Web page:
Food and supplies by the tons — donated for victims of Gulf Coast hurricanes Harvey and Irma — sit in Suffolk warehouses with delivery set for later this week to storm-ravaged Georgia, Louisiana and Texas, but a less certain date for Florida, a food bank official said.
The donations — including water and canned foods — quickly filled the warehouses, one of which is 20,000-square-feet, said Randi Shubin Dresner, president and chief executive of Island Harvest, a food bank based in Hauppauge.
“It’s jammed packed in here,” she said Tuesday.
The donations are the latest effort by Long Islanders — residents, relatives of victims, and private and public energy companies among others — to assist those in Florida hit hard by Irma, as well as victims in the Gulf Coast states still drying out after Harvey’s historic floods.
PSEG Long Island, National Grid and the Plainview-based Haugland Energy Group have each sent work crews to Florida to assist with restoring power to millions. National Grid said the utility sent 300 workers to assist crews from Duke Energy Florida and Tampa Electric.
“The task ahead will not be easy,” said Dean Seavers, president of National Grid, in a statement. “The complexity of power restoration after a catastrophic storm requires significant logistical expertise, along with skilled line workers and specialized equipment.”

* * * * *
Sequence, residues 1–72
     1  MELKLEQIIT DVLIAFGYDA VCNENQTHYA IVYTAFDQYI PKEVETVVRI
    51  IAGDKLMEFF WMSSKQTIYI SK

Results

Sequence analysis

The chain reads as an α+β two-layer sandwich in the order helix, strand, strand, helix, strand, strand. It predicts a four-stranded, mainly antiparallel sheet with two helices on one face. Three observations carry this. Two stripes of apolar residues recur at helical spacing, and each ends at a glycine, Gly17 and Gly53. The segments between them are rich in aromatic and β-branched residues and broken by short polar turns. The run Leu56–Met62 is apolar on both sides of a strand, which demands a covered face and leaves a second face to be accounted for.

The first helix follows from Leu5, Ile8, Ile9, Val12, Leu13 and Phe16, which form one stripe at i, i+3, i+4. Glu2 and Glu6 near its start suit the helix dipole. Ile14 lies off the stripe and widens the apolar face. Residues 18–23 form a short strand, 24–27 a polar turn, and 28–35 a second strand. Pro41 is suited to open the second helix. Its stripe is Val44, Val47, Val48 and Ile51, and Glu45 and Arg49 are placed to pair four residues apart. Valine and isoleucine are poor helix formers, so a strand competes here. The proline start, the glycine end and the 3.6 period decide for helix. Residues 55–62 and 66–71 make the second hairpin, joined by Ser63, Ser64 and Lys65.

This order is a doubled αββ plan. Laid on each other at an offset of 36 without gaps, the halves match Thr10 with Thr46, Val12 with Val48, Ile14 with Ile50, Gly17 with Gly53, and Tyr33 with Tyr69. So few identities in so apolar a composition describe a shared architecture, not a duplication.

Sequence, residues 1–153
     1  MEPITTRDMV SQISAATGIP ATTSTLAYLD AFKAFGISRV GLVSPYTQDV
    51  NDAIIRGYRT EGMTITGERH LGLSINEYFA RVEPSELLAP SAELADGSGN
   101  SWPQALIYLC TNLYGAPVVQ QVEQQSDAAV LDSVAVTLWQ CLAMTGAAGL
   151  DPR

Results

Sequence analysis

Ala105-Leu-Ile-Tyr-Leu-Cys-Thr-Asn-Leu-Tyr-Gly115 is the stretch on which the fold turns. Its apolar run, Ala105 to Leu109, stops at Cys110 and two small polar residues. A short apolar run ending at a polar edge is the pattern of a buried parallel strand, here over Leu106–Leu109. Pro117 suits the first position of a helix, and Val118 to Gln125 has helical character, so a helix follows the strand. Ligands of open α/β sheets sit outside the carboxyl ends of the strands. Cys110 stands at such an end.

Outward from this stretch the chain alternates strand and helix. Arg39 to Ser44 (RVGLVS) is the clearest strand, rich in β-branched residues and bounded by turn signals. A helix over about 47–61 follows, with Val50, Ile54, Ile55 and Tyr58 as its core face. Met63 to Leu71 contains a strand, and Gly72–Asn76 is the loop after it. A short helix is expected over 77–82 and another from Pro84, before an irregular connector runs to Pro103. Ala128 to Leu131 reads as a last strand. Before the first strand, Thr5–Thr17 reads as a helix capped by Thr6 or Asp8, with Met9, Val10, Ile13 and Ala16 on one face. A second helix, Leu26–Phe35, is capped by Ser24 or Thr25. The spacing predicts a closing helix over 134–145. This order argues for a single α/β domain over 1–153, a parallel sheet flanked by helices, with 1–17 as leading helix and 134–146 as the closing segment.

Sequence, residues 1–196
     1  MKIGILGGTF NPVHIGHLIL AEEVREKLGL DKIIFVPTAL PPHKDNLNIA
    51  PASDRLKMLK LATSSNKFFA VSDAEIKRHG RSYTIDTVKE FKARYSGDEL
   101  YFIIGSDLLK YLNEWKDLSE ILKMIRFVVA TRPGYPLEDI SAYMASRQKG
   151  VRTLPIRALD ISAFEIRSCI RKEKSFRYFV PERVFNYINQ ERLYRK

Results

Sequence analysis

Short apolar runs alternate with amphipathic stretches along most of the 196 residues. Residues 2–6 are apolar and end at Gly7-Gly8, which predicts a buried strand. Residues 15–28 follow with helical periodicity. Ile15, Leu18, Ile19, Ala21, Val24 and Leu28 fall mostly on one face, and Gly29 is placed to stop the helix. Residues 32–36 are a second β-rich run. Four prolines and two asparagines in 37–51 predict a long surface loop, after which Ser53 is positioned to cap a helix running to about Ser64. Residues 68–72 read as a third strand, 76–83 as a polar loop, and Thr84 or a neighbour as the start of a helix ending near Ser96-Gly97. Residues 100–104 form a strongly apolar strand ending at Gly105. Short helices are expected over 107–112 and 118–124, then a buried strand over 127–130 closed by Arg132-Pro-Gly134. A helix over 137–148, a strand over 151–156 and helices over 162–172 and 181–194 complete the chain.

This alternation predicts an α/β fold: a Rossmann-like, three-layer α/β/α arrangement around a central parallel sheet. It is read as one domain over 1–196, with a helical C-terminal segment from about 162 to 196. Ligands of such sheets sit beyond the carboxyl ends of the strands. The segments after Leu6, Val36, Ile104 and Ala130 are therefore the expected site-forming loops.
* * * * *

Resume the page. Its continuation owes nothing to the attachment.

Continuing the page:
Gregory Redmond, 61, of Shirley, a senior general foreman for Haugland Energy, and his two sons were among the workers sent to Florida.
He and his sons, Ronald Redmond, 38, of Shirley, and Charles Redmond, 33, of Smithtown, arrived in Daytona, Florida, last week. Gregory Redmond remained there waiting for work orders. His sons were among 180 journey linemen — workers often sent away from Long Island to help in weather-related emergencies — dispatched Monday to the Miami area to bring back electricity.
“I heard that it could take up to eight weeks to get power back on,” Gregory Redmond said in a phone interview.
While hundreds of Long Island crews worked on getting Floridians’ power back, Dresner was focused on getting Irma victims much-needed food and supplies.
A number of food banks in Florida are temporarily closed because the facilities have no power, accounting for the delivery delay, she said.
Once the food banks are up and running, loaded trucks will leave Long Island although it’s not too late to donate, Dresner said.
Goods, including cleaning supplies and personal care items, are welcomed, but Dresner said the most effective way to help is to donate cash.
“Food banks in devastated areas know what they need, and they can use the money to buy them at a deep discount,” she said.